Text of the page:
This is a look into what defines indie rock by observing a record that fits almost any definition of the genre you can imagine. This topic might become a recurring feature.
What is indie music? It’s a question I don’t typically consider, I just listen to it. But really: what makes it that way anymore? Not everything indie is on an independent label, after all. Isn’t it just a sub-genre of alternative music but without any clear boundaries? That’s a valid assessment, but doesn’t seem to account for the genre carving out its own (now fairly sizable) niche in the music landscape. Particularly, indie rock has become an important part of the music industry: whole festivals have shifted their content from “typical” alternative rock to big-name indie groups like Arcade Fire or The Shins. Websites like Pitchfork have grown alongside (and helped to foster growth in) indie rock and are now influential promotional and editorial machines. But what is indie rock?
For those new to indie rock, definitions are hard to deal with. The sort of dictionary phrasing would probably sound like “Guitar and drum based sub-set of rock music that is sometimes melodic, sometimes noisy, sometimes lo-fi, often created with a DYI attitude that reflects a history of existence on independent record labels.” That kind of commentary is essentially meaningless. So why not hop in and listen to a record that is almost stereotypically indie rock? This album manages to fit all the genre norms while still being musically above average thanks to songwriting skill. The record is Everything All the Time by Band of Horses
Band of Horses (for the uninitiated) are a group out originally out of Seattle and consisting mainly of Ben Birdwell. That’s a bit disingenuous (they do have a fully functioning band after all), but Birdwell has been the only constant since their formation and continues to be their driving creative force and visible leader. While the band did self-release an EP on their early tours, things took off with the launch of their debut record in 2006, Everything All the Time. Since then, Band of Horses has released two more albums and has become reasonably popular (including a top 10-selling debut week for their latest CD).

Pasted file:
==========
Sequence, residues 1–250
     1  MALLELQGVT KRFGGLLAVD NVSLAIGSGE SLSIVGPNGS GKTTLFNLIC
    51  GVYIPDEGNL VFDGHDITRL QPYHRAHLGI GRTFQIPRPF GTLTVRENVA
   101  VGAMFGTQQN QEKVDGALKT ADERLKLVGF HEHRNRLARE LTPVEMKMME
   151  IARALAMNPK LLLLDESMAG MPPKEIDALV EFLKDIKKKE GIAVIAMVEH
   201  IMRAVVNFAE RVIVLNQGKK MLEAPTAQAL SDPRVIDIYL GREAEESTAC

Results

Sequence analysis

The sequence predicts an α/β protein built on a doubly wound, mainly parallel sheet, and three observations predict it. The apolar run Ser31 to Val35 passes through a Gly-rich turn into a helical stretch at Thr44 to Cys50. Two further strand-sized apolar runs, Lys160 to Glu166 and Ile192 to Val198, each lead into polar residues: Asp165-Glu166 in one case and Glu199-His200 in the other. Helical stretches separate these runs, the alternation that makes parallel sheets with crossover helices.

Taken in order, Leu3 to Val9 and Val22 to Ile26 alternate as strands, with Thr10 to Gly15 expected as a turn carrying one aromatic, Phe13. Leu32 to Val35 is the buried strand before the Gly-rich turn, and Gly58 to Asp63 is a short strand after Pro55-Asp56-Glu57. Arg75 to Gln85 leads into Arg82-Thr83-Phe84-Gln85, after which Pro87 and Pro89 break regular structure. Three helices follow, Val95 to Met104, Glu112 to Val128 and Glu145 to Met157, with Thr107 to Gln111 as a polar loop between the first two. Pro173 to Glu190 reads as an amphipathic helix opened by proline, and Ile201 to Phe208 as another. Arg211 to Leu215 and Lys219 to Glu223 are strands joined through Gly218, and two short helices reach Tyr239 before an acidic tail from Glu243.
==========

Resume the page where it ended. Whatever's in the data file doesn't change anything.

So let’s start at the beginning: the first track on Everything All the Time is appropriately titled “The First Song.” Band of Horses wastes no time getting right at the heart of indie rock: guitars, a slightly under-produced (but not low quality) feel, and heart-on-sleeve sentiment. And they do the same thing on the next track. And throughout the record, which is actually on an independent label. It all fits indie rock very nicely both at first glance, and with repeated listening.
Like all good music, there must be a reason to like what’s there and the initial appeal of Everything All the Time is the songwriting and use of instrumentation. It’s alternative music, but Band of Horses doesn’t stray too far from the addictive setup of classic pop. The aforementioned “First Song” opens with a satisfying flourish, has a great central guitar line that wanders through the track, and operates over a soothing drum line that nudges the song ahead without pushing. “The First Song” is also built to be reasonably digested without seeming completely unoriginal. Overly typical verse-chorus-verse isn’t used, but the back and forth between sung “verse” and a pause for an instrumental break feels familiar. The lyrics discuss some kind of vague wintertime love and loss. While the exact verbal meaning of the phrases is unclear, the vocal intonation comes across as pained, earnest, and heartfelt. When combined with the musical component, the whole song fills the ears and “The First Song” becomes a great example for indie rock.